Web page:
Digging Up The U.S.


Other archaeologists have also made discoveries of potential historical significance in recent years. On St. Catherines Island off the coast of Georgia, for example, a team from the Museum of Natural History located the long-lost mission of Santa Catalina de Guale and may soon be able to shed some light on the fate that befell this northernmost outpost of Christianity in the Spanish colonies. In Kingston, New York, evidence was uncovered that indicated English goods were being smuggled into that city at a time when the Dutch ostensibly controlled trading in the area. And in Sacramento an excavation at the site of the fashionable nineteenth-century Golden Eagle Hotel revealed that garbage, including a three-foot deposit of oyster shells, had been stashed in the building’s basement despite sanitation laws to the contrary.

None of these discoveries is, in and of itself, particularly earthshaking. But as archaeologists continue to sift through what historian Allan Nevins once described as the “primitive materials of history,” a clearer picture of daily life in America will inevitably emerge. What’s in the ground, as archaeologists are fond of saying, is inherently more democratic than what survives in the written record. And whether it is by examining the remains of a black community established by the Freedman’s Bureau at what is now the site of a Washington, D. C., subway station, or the slave quarters at Jefferson’s home in Monticello, or a nineteenth-century sailing ship that went to the bottom of the Great Lakes, or a Victorian brothel in an abandoned Colorado mining town, archaeology can provide what Ivor Noël Hume calls “a physical dimension to social history.” It can put the cups and saucers back on the tables of reconstructed dining rooms. And it can tell us, sometimes more accurately than written documents, about such things as the consumption of alcohol at the workplace, the changes in Indian diet after contact with Europeans, and the living conditions of Chinese immigrants in the American West.

T O MAKE SENSE of all this activity, of all this earth being moved (papers on more than one hundred different digs were presented at the Society for Historical Archaeology’s annual convention in Denver this past January), over a period of several weeks last fall I traveled to a number of archaeological sites, from the southern tip of Manhattan to northern California and back to the eastern shores of North Carolina. I talked with dozens of historical archaeologists of every conceivable variety (urban, underwater, industrial, plantation, and so on), burrowed through a pile of reports at least as deep as an eighteenth-century trash pit, and attended one professional conference where I saw as many slides in a single day as I had encountered in four years of high school. All this, and I only nicked the surface.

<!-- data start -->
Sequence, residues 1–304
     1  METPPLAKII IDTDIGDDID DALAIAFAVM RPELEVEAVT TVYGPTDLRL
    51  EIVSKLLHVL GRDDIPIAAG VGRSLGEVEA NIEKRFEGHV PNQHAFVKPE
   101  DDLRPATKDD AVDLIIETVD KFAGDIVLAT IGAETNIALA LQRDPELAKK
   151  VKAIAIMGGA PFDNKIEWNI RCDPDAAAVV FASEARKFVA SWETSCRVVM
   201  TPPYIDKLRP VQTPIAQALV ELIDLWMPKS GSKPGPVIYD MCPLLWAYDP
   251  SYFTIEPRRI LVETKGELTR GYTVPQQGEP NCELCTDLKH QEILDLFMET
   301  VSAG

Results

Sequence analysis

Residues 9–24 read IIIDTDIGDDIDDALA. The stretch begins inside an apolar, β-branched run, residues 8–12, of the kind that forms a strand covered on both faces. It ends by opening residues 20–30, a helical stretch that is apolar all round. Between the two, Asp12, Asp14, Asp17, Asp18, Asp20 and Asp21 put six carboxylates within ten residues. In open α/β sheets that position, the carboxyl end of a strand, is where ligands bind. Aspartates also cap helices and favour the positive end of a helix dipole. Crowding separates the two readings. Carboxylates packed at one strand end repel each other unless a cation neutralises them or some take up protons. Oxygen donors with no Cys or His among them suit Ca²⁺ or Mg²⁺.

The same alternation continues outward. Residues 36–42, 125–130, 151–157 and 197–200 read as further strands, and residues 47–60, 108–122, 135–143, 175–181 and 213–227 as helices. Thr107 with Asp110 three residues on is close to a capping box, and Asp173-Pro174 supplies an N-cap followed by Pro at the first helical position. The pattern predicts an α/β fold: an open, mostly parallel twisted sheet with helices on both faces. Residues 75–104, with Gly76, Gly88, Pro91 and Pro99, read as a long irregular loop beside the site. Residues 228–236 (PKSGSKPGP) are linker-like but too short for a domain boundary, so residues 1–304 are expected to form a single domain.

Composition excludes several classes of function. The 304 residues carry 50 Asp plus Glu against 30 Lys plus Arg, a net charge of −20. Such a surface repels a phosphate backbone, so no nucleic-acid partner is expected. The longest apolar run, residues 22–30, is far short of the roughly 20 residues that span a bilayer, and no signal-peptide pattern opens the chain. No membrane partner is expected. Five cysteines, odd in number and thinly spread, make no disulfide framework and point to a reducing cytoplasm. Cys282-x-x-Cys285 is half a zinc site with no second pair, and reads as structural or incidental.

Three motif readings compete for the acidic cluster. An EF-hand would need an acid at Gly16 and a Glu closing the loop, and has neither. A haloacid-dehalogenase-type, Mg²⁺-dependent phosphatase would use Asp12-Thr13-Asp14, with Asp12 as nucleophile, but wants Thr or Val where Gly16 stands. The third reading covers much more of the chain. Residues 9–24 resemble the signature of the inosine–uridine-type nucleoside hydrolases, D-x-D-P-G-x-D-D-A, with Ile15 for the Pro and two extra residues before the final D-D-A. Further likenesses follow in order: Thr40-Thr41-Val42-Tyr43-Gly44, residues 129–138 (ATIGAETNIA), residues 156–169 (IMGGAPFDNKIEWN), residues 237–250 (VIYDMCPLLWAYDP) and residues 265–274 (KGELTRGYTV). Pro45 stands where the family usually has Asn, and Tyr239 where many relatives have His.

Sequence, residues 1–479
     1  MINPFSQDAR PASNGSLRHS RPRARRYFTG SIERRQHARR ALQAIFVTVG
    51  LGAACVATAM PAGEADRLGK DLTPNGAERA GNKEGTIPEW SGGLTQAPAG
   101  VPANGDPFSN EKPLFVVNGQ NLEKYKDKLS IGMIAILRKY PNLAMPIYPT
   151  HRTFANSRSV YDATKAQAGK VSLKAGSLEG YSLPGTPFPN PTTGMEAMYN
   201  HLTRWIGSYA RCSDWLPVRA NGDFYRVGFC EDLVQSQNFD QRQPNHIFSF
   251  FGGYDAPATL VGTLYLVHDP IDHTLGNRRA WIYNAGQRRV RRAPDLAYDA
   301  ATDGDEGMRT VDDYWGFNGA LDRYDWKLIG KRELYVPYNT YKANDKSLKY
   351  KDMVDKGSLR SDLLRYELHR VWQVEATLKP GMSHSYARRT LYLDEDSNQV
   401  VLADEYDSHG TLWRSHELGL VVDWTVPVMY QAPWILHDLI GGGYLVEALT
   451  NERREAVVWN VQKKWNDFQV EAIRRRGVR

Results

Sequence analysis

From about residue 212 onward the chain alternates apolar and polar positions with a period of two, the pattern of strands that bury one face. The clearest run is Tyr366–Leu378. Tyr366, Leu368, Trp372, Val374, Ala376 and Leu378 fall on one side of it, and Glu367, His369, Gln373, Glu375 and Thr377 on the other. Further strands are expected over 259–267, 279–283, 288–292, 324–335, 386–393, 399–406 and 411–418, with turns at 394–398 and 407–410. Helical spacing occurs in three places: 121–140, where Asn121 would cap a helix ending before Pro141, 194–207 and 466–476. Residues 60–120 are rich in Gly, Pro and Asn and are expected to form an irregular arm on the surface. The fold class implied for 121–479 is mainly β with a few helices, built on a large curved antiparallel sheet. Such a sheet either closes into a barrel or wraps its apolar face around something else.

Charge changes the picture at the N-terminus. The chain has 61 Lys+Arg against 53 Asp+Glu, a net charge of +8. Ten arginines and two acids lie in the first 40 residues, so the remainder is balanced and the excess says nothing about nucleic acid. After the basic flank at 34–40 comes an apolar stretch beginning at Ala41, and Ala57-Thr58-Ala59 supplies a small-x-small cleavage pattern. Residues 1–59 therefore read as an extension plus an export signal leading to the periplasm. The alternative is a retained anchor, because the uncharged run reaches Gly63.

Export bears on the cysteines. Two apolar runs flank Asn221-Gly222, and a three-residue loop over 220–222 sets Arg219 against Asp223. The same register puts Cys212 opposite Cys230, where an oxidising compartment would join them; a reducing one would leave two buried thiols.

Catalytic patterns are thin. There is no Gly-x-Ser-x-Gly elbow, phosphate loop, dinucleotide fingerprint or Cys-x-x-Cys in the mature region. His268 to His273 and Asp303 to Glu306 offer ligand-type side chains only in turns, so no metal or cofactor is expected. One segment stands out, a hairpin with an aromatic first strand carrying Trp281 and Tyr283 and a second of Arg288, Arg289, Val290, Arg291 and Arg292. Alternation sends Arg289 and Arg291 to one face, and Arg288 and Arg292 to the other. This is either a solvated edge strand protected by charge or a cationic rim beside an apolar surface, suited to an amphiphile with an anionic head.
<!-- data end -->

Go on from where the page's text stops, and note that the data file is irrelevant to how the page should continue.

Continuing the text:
I arrived a few months late at the first site I visited: a thirty-two-story office tower had already gone up on the very spot where archaeologists had made a most unusual find. It was a brilliantly clear day last October, and several hundred people were gathered at the corner of Water and John streets in lower Manhattan to watch the final steel girder hoisted into place atop the building. Real estate developers in three-piece suits and white construction helmets posed for pictures. Scores of helium-filled balloons were released to celebrate the occasion, and a brass band played “Anchors Aweigh” as the beam lurched precariously overhead.

Three hundred years ago, when progress in this part of the city was measured horizontally in feet of landfill, the entire block on which the building at 175 Water Street had been constructed was submerged under the East River. But on this day, with urban progress being measured vertically, few people at the topping-out ceremony were thinking about what lay underfoot. Even Joan Geismar, a woman who spends much of her time looking down, had her eyes riveted on the sky.

Although you wouldn’t know it from her appearance—in her fashionable tweed jacket and wool skirt she looked more like a successful businesswoman than an archaeologist—Geismar spent four months the previous winter digging in the mucky landfill under what is now 175 Water Street, looking for clues to New York’s past. The mother of three grown children and the recent recipient of a Ph.D. in anthropology from Columbia, Geismar had been hired by Soil Systems, Inc., the largest archaeological research firm in the country, to supervise fieldwork at the site. (Because the developer had sought a zoning variance from the city, he was required by law to conduct an archaeological survey, the bill for which came to $1.2 million.)

What’s buried in the ground is inherently more democratic than what survives in the written record.

One January day toward the end of the dig, with the temperature below freezing and the developer anxious to begin construction, Geismar stumbled on one of the most extraordinary objects ever uncovered beneath the city’s streets—the intact hull of an eighteenthcentury merchant ship. “We were making a deep cut with a backhoe, trying to locate the original river bottom,” she recalls, “when suddenly the earth fell away and these timbers were exposed. At first we thought it was a bulkhead, but on closer inspection the structure turned out to be curved. That’s when we realized we had a ship.”